By Samantha White
We should all listen to five-year-old Riley and think about her gender questions. I’m curious as to what she would say about LEGO’s launch of a girl themed line, which has recently been in the news. Many parents are outraged at the new line, called “Friends,” because it continues to reinforce specific gender roles. Here’s my take on it.
First off, kudos to LEGO on the new feminine-focused line of bricks. They know who buys their products most often and are attempting to extend their consumer base. I’m sure they did plenty of research to know what would sell best for their target audience, and the LEGO team is confident it will be a hit. Any product launch is a success (until it’s not) and any press is good press, right?
For those of you who haven’t looked into the Friends LEGO line, here is a breakdown: the brick sets are based on five characters, each of which has their own environment. Emma owns a beauty shop, Andrea owns a café, Stephanie owns an outdoor bakery, etc. The fact that none of the characters are police officers or pirates or construction workers is offensive in its own right. They DID throw in a treehouse and a convertible, but there is no equivalent to the classic male-dominated LEGO sets. Besides the obvious gender role undertones, what makes LEGO think that all little girls want to play with pink and purple blocks in beauty shop sets? Like Riley says, there are little girls who prefer other colors and other roles while playing.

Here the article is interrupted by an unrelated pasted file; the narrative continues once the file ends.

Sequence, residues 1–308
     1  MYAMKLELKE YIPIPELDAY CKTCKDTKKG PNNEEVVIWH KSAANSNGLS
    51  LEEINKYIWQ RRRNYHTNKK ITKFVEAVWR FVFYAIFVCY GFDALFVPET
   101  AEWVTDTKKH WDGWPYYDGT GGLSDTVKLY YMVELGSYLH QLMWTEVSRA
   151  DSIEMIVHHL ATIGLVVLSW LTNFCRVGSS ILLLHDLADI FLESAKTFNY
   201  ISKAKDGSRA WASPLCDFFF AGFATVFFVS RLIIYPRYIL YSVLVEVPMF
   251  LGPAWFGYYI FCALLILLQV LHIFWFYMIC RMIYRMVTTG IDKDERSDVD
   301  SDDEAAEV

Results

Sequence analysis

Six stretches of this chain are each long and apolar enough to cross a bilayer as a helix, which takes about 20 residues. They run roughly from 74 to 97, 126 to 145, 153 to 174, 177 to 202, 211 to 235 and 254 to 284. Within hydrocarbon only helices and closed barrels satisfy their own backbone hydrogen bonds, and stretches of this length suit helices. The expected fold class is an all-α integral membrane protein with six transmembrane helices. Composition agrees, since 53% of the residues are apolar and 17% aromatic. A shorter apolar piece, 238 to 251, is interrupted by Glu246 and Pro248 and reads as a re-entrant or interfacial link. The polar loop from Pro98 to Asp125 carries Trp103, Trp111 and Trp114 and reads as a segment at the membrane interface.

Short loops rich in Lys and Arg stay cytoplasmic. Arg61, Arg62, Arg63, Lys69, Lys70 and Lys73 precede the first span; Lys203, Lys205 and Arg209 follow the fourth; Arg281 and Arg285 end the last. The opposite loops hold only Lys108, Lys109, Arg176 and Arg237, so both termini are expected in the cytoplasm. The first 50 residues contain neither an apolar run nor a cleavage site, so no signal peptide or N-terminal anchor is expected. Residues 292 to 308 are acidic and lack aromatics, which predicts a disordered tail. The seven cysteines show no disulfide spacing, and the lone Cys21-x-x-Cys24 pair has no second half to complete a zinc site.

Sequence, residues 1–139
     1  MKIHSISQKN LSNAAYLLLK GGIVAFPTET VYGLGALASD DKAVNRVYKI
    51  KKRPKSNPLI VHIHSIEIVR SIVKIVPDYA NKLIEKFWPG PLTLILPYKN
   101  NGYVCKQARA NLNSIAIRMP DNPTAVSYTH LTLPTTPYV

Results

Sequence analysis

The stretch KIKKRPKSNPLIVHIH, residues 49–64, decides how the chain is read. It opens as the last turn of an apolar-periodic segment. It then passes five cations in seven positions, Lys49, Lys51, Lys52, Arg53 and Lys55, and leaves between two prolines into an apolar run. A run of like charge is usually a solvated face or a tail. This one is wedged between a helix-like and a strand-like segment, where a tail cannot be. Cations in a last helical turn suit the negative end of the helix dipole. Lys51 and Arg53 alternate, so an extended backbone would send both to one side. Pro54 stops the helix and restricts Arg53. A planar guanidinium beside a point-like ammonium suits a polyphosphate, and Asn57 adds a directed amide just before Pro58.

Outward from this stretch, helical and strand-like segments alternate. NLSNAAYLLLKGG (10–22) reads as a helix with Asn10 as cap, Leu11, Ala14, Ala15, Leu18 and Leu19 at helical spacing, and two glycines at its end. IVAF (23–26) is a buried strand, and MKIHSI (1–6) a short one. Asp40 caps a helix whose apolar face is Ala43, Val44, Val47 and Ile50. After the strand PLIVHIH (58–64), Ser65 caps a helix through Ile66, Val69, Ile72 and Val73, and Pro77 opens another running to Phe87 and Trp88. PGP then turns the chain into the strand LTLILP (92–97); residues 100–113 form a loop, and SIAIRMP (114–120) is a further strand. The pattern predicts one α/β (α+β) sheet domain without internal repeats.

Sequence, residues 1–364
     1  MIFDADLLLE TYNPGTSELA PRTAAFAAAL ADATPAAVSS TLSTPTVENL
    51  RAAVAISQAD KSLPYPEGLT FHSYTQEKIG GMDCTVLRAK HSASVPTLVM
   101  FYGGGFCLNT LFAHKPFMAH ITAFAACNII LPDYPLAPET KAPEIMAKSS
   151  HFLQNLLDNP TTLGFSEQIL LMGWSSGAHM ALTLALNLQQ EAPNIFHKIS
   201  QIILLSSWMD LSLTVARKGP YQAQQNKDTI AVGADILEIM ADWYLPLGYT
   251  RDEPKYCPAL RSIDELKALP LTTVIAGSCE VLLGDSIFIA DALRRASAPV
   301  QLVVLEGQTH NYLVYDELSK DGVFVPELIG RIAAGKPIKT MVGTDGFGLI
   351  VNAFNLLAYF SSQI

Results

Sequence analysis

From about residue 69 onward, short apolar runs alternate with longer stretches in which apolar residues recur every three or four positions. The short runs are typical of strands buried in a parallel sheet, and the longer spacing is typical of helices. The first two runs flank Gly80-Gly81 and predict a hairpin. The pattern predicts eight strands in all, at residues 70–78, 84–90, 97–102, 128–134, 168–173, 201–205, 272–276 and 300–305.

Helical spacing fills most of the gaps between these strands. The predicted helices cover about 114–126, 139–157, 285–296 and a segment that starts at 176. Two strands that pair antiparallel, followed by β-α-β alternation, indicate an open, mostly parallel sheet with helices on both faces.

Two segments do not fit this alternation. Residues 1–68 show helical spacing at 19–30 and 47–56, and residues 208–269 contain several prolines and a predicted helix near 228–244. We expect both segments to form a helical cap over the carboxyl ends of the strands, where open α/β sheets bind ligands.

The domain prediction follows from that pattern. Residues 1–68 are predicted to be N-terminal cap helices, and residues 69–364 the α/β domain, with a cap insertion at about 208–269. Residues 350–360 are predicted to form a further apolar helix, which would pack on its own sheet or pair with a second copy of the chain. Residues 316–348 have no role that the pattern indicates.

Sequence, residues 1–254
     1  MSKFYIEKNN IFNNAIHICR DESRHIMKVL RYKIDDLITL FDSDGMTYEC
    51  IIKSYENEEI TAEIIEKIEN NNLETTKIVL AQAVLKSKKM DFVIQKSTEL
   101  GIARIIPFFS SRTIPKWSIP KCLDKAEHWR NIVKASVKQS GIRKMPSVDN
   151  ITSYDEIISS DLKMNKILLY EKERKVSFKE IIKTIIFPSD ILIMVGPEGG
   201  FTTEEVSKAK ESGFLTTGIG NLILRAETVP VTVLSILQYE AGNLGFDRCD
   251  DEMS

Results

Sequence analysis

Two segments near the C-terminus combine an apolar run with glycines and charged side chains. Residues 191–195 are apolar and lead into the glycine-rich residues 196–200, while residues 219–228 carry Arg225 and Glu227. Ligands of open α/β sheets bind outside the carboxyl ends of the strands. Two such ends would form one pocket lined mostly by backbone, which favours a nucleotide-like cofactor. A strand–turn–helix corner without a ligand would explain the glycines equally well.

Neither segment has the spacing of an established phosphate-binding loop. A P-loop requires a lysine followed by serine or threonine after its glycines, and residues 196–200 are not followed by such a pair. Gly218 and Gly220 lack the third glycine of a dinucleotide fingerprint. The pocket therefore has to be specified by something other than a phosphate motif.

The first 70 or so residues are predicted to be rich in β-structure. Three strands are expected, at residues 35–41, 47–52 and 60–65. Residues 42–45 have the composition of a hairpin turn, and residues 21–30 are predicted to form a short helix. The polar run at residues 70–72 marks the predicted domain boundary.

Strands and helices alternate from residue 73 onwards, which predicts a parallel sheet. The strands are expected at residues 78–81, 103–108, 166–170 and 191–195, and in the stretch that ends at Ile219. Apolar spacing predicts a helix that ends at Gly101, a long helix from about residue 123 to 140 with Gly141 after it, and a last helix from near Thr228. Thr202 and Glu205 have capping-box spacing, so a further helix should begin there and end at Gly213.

My suggestion for LEGO, you ask? Take a hint from your boy-dominated licensed sets and create equally hip ones for girls featuring strong feminine characters. Add some female ninjas to the “Ninjago” line or a Wonder Woman character to the “Super Heroes” line. For every Star Wars or Prince of Persia line, create a line based on “Mulan” or Disney’s new feature film “Brave.”
Like Riley notes in her now famous Youtube video (3.5 million views), there are plenty of gender specific toys on the market. When will we get to the point where there is more of a middle ground? Instead of making LEGO sets specifically for boys or girls, why not put more gender neutral toys on the market? Riley is right, you know. Some boys want to play with princesses and some girls want to play with superheroes.